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I was presenting to a group of senior leaders in New York recently about the influences that shaped the millennial generation, and how understanding those influences better actually helped explain some of the millennial behaviors in the workplace that we Gen Xers and baby boomers seem to find surprising. One of the questions that emerged from the conversation was about motivation, and the question contained at least a hint of desperation: How do we motivate millennials?

My answer: Help them to be successful.

When we start digging into the differences that exist among generations, we tend to overlook the fact that we are all humans. The generational differences are certainly real, but underneath those differences, we share very deeply rooted characteristics, and one of those is a basic yearning to be successful.

In his book, Drive, business author Dan Pink does a great job at breaking down motivation into three basic components: autonomy, mastery and purpose. That sounds a lot like what you need to be successful: the freedom to take the right actions (autonomy), the capacity to continuously move the needle (mastery) and a sense of meaning attached to the success (purpose). And while we all share these basic components of motivation, I think you’ll notice that the millennials will take a slightly different approach, which may require some adjustments inside our organizations:

Autonomy

We all want autonomy, but millennials might want it a little faster. Remember, they grew up with the social internet, which gave them an incredible amount of power. Not only did they have instant access to every piece of knowledge known to humankind —whenever and wherever they wanted it&nbsp; —they also had the power to leverage their social network to get things done (on their terms). All of us have that power now, of course, but they grew up with it, so autonomy might mean something different to them. They expect to exercise power at work — not because they are “entitled” but because they are simply accustomed to having power (power that we gave them, by the way). Many workplace cultures fail to truly value autonomy, and that gets in the way of our success.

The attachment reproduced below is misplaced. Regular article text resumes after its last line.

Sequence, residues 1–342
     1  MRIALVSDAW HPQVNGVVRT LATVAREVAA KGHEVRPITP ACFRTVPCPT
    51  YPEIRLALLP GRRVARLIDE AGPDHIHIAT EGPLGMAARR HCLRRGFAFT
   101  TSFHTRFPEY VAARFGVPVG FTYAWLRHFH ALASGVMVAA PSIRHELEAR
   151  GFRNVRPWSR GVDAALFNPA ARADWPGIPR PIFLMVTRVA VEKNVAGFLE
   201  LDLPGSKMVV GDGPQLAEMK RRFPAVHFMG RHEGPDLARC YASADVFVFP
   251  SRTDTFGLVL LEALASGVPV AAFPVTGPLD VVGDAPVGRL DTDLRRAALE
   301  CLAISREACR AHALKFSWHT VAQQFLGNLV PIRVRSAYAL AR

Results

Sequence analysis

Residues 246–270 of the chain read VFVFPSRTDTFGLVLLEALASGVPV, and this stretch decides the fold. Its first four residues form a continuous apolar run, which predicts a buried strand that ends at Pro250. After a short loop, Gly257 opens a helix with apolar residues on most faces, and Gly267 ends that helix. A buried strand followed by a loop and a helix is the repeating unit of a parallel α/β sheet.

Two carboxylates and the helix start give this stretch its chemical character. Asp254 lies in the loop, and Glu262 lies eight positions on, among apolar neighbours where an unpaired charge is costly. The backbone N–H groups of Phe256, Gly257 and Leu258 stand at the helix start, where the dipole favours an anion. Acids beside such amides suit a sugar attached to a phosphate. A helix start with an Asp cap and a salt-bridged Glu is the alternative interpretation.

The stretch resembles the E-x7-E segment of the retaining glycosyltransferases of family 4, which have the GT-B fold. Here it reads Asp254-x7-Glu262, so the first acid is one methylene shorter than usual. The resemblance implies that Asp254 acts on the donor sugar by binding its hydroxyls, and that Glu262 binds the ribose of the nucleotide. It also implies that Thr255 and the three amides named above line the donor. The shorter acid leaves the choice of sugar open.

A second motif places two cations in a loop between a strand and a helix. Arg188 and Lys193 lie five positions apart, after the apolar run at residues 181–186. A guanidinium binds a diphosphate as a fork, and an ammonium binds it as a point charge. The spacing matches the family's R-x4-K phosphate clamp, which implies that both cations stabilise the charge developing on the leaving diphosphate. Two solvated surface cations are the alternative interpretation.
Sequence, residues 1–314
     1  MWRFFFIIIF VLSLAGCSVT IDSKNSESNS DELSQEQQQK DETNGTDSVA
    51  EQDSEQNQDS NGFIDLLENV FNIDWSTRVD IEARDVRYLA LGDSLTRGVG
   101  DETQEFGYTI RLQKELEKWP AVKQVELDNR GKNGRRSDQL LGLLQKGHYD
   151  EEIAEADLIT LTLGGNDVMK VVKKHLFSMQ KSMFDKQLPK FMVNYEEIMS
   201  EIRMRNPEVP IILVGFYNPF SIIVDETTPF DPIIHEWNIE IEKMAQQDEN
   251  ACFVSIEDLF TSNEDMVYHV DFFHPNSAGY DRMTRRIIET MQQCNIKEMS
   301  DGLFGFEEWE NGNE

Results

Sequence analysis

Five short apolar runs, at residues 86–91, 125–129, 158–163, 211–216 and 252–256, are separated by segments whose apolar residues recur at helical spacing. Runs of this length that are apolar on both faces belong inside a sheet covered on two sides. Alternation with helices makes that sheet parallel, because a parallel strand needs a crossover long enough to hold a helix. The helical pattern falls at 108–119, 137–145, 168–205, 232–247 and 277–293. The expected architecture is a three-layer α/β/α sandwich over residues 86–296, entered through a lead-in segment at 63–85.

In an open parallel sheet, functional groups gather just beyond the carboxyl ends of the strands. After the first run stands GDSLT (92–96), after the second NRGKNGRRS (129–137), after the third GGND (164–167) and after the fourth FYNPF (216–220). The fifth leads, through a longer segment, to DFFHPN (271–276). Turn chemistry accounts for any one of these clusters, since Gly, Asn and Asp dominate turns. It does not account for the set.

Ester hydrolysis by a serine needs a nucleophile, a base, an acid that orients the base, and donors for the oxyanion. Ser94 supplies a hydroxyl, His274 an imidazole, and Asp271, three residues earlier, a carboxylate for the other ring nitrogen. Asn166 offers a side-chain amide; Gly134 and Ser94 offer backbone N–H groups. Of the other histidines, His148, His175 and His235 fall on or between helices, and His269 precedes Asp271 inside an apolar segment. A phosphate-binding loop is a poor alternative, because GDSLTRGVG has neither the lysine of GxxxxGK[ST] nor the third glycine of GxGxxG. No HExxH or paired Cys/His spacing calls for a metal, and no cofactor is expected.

Mastery

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I was presenting to a group of senior leaders in New York recently about the influences that shaped the millennial generation, and how understanding those influences better actually helped explain some of the millennial behaviors in the workplace that we Gen Xers and baby boomers seem to find surprising. One of the questions that emerged from the conversation was about motivation, and the question contained at least a hint of desperation: How do we motivate millennials?

My answer: Help them to be successful.

When we start digging into the differences that exist among generations, we tend to overlook the fact that we are all humans. The generational differences are certainly real, but underneath those differences, we share very deeply rooted characteristics, and one of those is a basic yearning to be successful.

In his book, Drive, business author Dan Pink does a great job at breaking down motivation into three basic components: autonomy, mastery and purpose. That sounds a lot like what you need to be successful: the freedom to take the right actions (autonomy), the capacity to continuously move the needle (mastery) and a sense of meaning attached to the success (purpose). And while we all share these basic components of motivation, I think you’ll notice that the millennials will take a slightly different approach, which may require some adjustments inside our organizations:

Autonomy

We all want autonomy, but millennials might want it a little faster. Remember, they grew up with the social internet, which gave them an incredible amount of power. Not only did they have instant access to every piece of knowledge known to humankind —whenever and wherever they wanted it  —they also had the power to leverage their social network to get things done (on their terms). All of us have that power now, of course, but they grew up with it, so autonomy might mean something different to them. They expect to exercise power at work — not because they are “entitled” but because they are simply accustomed to having power (power that we gave them, by the way). Many workplace cultures fail to truly value autonomy, and that gets in the way of our success.

Mastery

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